Fiction Is Not about Communication. It's about Communion

"Art is not about communication. It's about communion." artist Rafael Lozano-Hemmer at IdeaFestival 2013

Having posted an IF Conversation with Maria Konnikova on Tuesday, I was reminded of her view of the "psychologist as novelist" by a Nicholas Carr blog entry on how fiction changes minds - not by presenting a narrative with lessons to be absorbed or a story with a particular kind of information, but by physically changing us from the inside. Carr points out that while reading works of fiction, the brain physically mirrors the setting, the themes and the protagonists and antagonists. The results are striking.

Psychologists and neurobiologists have begun studying what goes on in our minds as we read literature.... One of the trailblazers in this field is Keith Oatley, a cognitive psychologist at the University of Toronto and the author of several novels, including the acclaimed The Case of Emily V. 'For a long time,' Oatley told the Canadian magazine Quill & Quire, 'we’ve been talking about the benefits of reading with respect to vocabulary, literacy, and these such things. We’re now beginning to see that there’s a much broader impact.' A work of literature, particularly narrative literature, takes hold of the brain in curious and powerful ways. In his 2011 book Such Stuff as Dreams: The Psychology of Fiction, Oatley explained that 'we don’t just respond to fiction (as might be implied by the idea of reader response), or receive it (as might be implied by reception studies), or appreciate it (as in art appreciation), or seek its correct interpretation (as seems sometimes to be suggested by the New Critics). We create our own version of the piece of fiction, our own dream, our own enactment.' Making sense of what transpires in a book’s imagined reality appears to depend on 'making a version of the action ourselves, inwardly.'”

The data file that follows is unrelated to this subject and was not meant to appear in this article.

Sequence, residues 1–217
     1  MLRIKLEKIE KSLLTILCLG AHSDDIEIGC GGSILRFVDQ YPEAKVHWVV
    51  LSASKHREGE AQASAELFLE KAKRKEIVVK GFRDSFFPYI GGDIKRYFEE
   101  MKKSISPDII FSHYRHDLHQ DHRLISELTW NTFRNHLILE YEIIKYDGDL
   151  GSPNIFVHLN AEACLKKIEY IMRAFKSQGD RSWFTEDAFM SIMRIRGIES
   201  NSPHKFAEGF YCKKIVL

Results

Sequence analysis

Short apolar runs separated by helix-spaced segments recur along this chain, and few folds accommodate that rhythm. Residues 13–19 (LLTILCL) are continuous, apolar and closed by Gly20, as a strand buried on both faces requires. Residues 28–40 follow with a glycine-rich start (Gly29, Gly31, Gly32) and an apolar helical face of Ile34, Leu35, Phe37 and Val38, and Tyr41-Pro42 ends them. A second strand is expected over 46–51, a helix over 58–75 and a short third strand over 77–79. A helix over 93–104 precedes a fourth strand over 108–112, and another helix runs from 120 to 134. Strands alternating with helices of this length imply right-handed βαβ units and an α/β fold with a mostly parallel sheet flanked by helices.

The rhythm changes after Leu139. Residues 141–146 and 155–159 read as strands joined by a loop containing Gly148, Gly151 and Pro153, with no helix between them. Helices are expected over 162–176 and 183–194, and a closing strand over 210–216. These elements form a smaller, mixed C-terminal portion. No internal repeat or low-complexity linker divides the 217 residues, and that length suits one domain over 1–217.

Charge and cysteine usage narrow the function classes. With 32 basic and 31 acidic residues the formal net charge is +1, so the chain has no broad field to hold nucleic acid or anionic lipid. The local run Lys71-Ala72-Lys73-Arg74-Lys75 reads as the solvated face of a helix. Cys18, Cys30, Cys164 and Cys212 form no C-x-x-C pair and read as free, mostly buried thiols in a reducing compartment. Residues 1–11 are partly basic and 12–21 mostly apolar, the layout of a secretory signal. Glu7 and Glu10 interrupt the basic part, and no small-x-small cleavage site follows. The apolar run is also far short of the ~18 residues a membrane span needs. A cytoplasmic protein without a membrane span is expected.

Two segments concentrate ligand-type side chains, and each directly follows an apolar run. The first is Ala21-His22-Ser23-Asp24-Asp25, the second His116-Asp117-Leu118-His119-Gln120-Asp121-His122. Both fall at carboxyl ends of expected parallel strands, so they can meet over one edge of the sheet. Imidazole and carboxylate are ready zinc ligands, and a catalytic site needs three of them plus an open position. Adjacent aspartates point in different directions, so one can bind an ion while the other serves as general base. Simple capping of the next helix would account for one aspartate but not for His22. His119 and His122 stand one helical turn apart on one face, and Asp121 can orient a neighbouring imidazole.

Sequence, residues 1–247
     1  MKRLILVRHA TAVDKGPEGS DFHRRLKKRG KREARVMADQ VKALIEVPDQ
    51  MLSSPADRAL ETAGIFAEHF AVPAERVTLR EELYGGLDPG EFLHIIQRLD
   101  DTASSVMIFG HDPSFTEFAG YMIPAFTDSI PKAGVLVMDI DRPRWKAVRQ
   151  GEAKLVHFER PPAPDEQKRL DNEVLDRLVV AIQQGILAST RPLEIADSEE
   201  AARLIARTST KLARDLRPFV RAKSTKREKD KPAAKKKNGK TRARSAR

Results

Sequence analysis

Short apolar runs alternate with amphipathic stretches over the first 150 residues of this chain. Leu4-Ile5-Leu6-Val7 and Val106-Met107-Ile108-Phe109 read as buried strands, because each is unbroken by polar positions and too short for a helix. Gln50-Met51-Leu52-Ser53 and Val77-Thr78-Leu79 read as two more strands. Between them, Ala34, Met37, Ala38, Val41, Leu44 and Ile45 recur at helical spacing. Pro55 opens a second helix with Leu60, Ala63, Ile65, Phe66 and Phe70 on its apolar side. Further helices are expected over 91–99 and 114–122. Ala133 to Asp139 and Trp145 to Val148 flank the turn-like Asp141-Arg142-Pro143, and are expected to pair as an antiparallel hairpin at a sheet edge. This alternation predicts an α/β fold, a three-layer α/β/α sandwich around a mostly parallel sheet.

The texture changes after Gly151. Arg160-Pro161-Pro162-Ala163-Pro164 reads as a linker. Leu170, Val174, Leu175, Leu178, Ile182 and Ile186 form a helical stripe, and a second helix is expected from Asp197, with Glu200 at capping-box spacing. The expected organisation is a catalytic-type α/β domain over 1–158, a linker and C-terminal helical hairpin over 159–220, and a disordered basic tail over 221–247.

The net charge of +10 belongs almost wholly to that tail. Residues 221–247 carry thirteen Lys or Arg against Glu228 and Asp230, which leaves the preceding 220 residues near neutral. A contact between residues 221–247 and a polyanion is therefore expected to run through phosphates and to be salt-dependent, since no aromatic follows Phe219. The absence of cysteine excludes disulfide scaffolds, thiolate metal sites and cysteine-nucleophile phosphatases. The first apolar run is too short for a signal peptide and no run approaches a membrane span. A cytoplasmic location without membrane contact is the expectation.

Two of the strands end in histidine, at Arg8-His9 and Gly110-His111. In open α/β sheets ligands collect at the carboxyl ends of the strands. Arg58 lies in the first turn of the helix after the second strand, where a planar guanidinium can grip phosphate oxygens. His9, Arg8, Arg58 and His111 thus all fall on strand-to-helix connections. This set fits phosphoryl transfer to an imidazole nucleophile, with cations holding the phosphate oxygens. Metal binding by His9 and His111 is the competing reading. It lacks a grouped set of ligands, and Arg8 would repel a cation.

"...When, for example, a character in a story puts a pencil down on a desk, the neurons that control muscle movements fire in a reader’s brain. When a character goes through a door to enter a room, electrical charges begin to flow through the areas in a reader’s brain that are involved in spatial representation and navigation."

Carr goes on to point out that while visions of reading-as-software would have us think of it as a social event, brain studies tell us that the opposite occurs: "the reader withdraws in order to connect more deeply." Nor should we think of reading as a one-way exercise with the goal of "communicating." While ebooks and sharing apps certainly have merits, for Carr the "technical enthusiasts" who think of the fiction as portable data are missing the profoundly inward and expansive rite or reading. Like Carr, Konnikova and Lozano-Hemmer, I find it remarkable how willingly we've swapped the idea of art and literature as a set of shared experiences that can enlarge our range of sympathies for the much poorer model of art and literature as a form of exchange whose value is captured by what can be said, or what can be measured, in its passing.

Read Carr's outstanding essay here.

Stay curious!